I have a 4-string CBG that is currently tuned to open D (DADF#).  I see the barre chords are easily done but am having trouble finding a C chord that isn't so high (barre is on 10th fret - correct?).  The C chords I have found don't sound quite right (1 string 1st fret, 2nd string second fret, third string third fret).  Minors are also a challenge.  All of the chord charts for open D seem to use the bottom strings a lot (A and D) so the 4-string thing is befuddling me.

Does open G have the same challenges?

Thanks,

BB

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I'm a fan of using the top 4 strings of a standard set. These can easily be tuned to open D - DF#Ad, or open G - DGBd. This open G tuning is great for playing a variety of chords because it is like a banjo tuning without the 5th string (you can use a banjo fingering chart). It also works well for blues as well. Switching between the two tunings is really quick and easy also.
i`m using GDGB i havent tried DGBd


Ben said:
I'm a fan of using the top 4 strings of a standard set. These can easily be tuned to open D - DF#Ad, or open G - DGBd. This open G tuning is great for playing a variety of chords because it is like a banjo tuning without the 5th string (you can use a banjo fingering chart). It also works well for blues as well. Switching between the two tunings is really quick and easy also.
I would highly recommend Open G tuning (Dgbd).
Have you seen my instructional video CD 5 (How to play 4 string CBG)?
http://shop.ebay.com/njmikeb/m.html?_nkw=&_armrs=1&_from=&a...
Please feel free to write if you have any questions. Enjoy.
Keni Lee,
I knew you'd come through to back me up on this! Granted, I played banjo before your CDs but still found plenty of stuff for the picking (and pickin') in them. As you know, I recommend them to anyone, regardless of prior skill level.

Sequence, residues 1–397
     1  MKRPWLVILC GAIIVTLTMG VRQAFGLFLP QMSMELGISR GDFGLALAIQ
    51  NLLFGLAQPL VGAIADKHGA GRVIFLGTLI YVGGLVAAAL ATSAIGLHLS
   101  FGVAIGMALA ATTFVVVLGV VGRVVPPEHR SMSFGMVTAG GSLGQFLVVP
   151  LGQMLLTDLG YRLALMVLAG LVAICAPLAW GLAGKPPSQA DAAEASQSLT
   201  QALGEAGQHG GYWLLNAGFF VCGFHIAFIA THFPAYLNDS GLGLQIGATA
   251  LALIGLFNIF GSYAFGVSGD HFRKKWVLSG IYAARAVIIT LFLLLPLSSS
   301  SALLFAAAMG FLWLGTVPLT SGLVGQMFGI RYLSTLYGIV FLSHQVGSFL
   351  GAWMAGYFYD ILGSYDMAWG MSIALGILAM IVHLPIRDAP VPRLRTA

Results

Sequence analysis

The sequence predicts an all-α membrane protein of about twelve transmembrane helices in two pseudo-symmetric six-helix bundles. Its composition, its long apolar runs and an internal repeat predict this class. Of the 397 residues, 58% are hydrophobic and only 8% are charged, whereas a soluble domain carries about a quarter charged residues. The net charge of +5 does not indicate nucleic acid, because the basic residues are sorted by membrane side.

Keni Lee Burgess said:
I would highly recommend Open G tuning (Dgbd).
Have you seen my instructional video CD 5 (How to play 4 string CBG)?
http://shop.ebay.com/njmikeb/m.html?_nkw=&_armrs=1&_from=&a...
Please feel free to write if you have any questions. Enjoy.
Seasick Steve plays on a 4 stringer CBG
So does anyone know what he`s tuning is....?????
..............Hope you dont mind me asking this here BB...
I usually prefer open E, EG#BE, then it follows the same fretting as barre chords on standard tuned 6 string, just easier for an old garage rocker like myself to transpose stuff to 4string CBG i guess. The songs on my page and the video of me on Jason Lambert's page are all done in open E.
Yes, you can also tune down using medium strings, Df#ad (Open D) and use the same fingerings. A lot less tension on that CBG neck too. Enjoy.


joe cerroni said:
I usually prefer open E, EG#BE, then it follows the same fretting as barre chords on standard tuned 6 string, just easier for an old garage rocker like myself to transpose stuff to 4string CBG i guess. The songs on my page and the video of me on Jason Lambert's page are all done in open E.
With my 4-string tuned to DADF#, I am finding most of the chords I want using barre chords, but haven't found a C chord that sounds good in your typical GCD song. The barre chord sounds way to high to me and the C chords I find on charts don't seem quite right. Is that just a drawback of open tuning on a 4-string, particularly one using the lower four strings instead of the upper ones?